A new study has found that, with a sort of boomerang effect, the Pfas present in the sea pass from the waves to the land
Don't store avocado like this: it's dangerous
Pfas, or "forever chemicals" as they are defined in the US, can now be found really everywhere. A new study shows how they can return to land from the sea - with a kind of "boomerang" effect - through the waves.
Unfortunately, even the waves of the sea contain Pfas and breaking on the shore can make these substances return from the sea to the land. A new study, published in Environmental Science & Technology, has found this out.
The mechanism was initially thought to be different, as Matthew Salter, one of the study's authors, a researcher at Stockholm University's Department of Environmental Sciences, stated in an interview:
The common belief was that PFAS would end up in the oceans where they would remain to be diluted over the course of decades. But it turns out that there is a boomerang effect, and some of the toxic PFAS are re-emitted into the air, carried over long distances, and then deposited back to earth.
Pfas, as we now know, are polluting and dangerous chemicals: they take a long time to degrade in the environment and are potentially harmful to human health. They have in fact been linked to reproductive and developmental problems, some types of cancer, immune or hormonal disorders and much more.
Scientists continue to study the ways in which we can be exposed to such chemicals, and this latest research shows that, even at sea, we cannot rest assured. But on the other hand, as we said at the beginning, Pfas are unfortunately now everywhere and have also been found in mother's milk as well as in the air inside homes. Read also: Pfas in breast milk: new study shows universal and very worrying contamination)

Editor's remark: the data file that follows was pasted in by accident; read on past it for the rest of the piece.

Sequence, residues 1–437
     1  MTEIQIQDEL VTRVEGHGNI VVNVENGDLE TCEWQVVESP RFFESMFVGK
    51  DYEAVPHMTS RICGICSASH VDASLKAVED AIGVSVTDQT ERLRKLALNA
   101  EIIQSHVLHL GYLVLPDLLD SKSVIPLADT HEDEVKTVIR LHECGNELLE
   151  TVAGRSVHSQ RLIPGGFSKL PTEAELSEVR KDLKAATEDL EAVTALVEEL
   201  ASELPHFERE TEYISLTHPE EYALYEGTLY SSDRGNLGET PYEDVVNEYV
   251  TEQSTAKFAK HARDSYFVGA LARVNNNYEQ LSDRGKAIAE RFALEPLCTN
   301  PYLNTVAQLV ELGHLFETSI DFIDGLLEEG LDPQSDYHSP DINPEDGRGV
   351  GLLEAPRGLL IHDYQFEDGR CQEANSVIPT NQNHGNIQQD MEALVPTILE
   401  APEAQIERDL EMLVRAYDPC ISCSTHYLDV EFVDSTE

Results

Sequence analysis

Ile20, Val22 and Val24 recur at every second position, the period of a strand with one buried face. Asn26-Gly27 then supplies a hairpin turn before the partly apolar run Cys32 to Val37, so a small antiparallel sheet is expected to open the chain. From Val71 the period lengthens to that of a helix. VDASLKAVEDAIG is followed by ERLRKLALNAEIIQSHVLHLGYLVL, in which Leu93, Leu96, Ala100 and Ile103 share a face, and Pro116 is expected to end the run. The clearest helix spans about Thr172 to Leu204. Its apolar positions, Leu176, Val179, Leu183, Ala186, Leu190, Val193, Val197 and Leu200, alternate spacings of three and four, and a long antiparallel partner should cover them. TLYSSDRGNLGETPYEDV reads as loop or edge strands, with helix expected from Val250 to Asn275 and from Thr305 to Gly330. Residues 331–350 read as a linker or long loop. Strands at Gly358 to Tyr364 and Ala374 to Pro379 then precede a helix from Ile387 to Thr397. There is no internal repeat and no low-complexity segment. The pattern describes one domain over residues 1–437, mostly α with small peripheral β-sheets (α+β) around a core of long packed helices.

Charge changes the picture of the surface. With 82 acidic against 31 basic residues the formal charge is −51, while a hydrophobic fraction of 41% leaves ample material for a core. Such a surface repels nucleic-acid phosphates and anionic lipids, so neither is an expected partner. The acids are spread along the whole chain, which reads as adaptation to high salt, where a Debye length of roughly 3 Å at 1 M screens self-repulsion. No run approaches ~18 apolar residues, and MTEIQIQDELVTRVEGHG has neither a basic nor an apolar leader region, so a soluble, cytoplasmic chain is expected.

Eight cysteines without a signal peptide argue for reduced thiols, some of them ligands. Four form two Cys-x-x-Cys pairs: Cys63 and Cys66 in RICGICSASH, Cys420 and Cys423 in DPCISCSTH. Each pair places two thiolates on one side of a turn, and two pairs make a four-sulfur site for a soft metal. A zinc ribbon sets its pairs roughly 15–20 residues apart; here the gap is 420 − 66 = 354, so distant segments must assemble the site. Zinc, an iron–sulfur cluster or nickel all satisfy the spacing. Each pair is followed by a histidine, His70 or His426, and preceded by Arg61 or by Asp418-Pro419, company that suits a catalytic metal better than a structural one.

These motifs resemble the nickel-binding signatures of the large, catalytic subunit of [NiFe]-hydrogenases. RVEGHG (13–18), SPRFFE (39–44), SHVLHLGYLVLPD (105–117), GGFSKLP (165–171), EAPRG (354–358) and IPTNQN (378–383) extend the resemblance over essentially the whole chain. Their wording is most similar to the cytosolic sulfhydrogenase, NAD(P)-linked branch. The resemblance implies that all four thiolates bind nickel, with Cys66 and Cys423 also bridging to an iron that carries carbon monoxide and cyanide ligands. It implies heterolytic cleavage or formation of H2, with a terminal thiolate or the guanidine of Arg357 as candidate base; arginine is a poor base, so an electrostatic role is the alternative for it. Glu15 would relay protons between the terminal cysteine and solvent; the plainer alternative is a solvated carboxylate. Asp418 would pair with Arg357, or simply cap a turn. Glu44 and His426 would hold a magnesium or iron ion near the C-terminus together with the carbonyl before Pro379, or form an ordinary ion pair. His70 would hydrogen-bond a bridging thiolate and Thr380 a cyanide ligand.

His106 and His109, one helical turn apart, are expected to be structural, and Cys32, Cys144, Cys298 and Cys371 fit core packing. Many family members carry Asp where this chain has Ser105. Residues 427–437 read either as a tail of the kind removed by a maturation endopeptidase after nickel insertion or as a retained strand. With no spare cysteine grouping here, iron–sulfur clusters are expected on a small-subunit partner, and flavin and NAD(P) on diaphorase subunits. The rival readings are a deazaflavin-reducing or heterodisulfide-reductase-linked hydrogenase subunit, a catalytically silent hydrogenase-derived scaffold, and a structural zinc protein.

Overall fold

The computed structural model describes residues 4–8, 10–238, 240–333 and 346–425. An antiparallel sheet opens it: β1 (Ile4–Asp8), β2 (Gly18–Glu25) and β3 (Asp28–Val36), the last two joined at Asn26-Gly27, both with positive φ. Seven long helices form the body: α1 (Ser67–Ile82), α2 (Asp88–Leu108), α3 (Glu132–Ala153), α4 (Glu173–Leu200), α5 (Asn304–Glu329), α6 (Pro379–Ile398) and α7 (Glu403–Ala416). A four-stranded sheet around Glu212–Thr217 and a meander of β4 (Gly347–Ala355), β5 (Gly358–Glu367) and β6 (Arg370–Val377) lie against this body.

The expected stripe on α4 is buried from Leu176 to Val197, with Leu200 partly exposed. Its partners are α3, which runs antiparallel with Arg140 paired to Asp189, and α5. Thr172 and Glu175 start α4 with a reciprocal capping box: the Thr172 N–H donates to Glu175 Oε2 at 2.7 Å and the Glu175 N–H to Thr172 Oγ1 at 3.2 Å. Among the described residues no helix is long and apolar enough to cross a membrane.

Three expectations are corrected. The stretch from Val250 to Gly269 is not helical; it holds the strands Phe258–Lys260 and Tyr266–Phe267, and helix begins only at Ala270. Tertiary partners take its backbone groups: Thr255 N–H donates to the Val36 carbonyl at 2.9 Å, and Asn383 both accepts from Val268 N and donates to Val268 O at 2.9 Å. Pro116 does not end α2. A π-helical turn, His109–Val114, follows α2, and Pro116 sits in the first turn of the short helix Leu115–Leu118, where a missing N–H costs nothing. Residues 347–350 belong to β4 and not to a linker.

- We breathe PFAS every day: they also contaminate the air in the home, offices and classrooms. I study
The new study now shows how these substances can also pollute the outside air, at least along the coast. In practice, the Pfas would be able to "return to shore" thanks to the waves which, when they break, re-emit these compounds into the air.
In order to state this, the research team collected, between 2018 and 2020, more than 100 air samples from two beach locations in Norway: Andøya, an Arctic island in the Vesterålen archipelago, and Birkenes, a municipality located along the southernmost tip of Norway.
The samples were then analyzed to see if there were any traces of 11 Pfas and it turned out that they were all contaminated. We also wanted to verify the presence in the air of sodium ions (which are an aerosol indicator of marine spray), discovering that high levels of ions tended to correlate with high levels of Pfas.
This concretely means that the Pfas could be able to reach land thanks to aerosols, waves and sprays from the sea, which should therefore be considered to all intents and purposes sources of pollution in coastal communities.
The results suggest that the transport of these compounds:
it can impact large areas of inner Europe and other continents as well as coastal areas.
In the study, the researchers calculated that the oceans could release 284 to 756 U.S. tons of eight types of Pfas each year. A source of contamination that, according to experts, could pollute more than air.
It is possible that PFAS deposited in the atmosphere could contaminate coastal drinking water sources for the foreseeable future. Our study gives a new dimension to the meaning of the term chemicals forever - said Ian Cousins.
Read all our articles on Pfas.
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Fonte: Environmental Science & Technology / The Hill
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